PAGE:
Sunday, April 14, 2024

Featured Artifact: ALEX Videotex Terminal

by Charlotte Wipp


Between the late 1970s and the early 2010s, a form of connection by calls or text was through videotex. Interactive videotex was an early form of an interactive information system facilitated through modems. Communications were displayed on a television or dumb terminal, standardized to a 40x24 grid of text with early graphics characters. Regular computers could be expanded to include videotex software, although there were some devices offered that were specifically dedicated to its use. The users could dial into servers commonly able to hold around 32 to 120 simultaneous users. 

ALEX videotex Terminal

Originating in Canada and built by Northern Telecom, ALEX was an early videotex communications service. The terminal, released to the public in 1988, included a CRT monitor attached to a keyboard with eight extra function keys, and a phone. The screen and keyboard fold up and include additional spots to plug in peripherals such as card readers or printers. Additionally, the terminal could be modified with ALEX emulation software packages for other PCs.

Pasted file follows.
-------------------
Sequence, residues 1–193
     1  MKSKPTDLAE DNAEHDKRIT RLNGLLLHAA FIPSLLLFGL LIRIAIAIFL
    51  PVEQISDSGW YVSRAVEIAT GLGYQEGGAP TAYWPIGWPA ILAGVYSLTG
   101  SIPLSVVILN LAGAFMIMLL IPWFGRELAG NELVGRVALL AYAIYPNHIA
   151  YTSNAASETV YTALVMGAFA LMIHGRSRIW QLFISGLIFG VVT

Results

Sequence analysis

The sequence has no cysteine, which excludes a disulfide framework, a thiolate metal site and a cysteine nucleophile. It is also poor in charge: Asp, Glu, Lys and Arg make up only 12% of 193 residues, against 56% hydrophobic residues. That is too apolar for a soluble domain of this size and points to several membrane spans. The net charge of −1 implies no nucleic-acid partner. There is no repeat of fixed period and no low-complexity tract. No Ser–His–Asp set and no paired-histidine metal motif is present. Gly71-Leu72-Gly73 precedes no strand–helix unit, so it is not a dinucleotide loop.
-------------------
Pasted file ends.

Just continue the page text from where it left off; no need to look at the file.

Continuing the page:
ALEX was supported with the Bell telecommunications network, where users could dial into a Videotex Access Point allowing them to send and receive messages. The largest frustration with the service was the charges that came with extensive calls (up to CA $0.30 per minute), particularly on chat rooms.

With the development of the World Wide Web, there was no longer a need for videotex services, such as ALEX, as users now had free access to quickly developing interactive services. 

This device was donated by ArcelorMittal Dofasco.

About the author

Charlotte is a Physics and Astronomy student currently in her 2B term at Waterloo. She enjoys tinkering and creating all forms of art in her free time. She works at the Computer Museum as their current Winter 2024 coop student.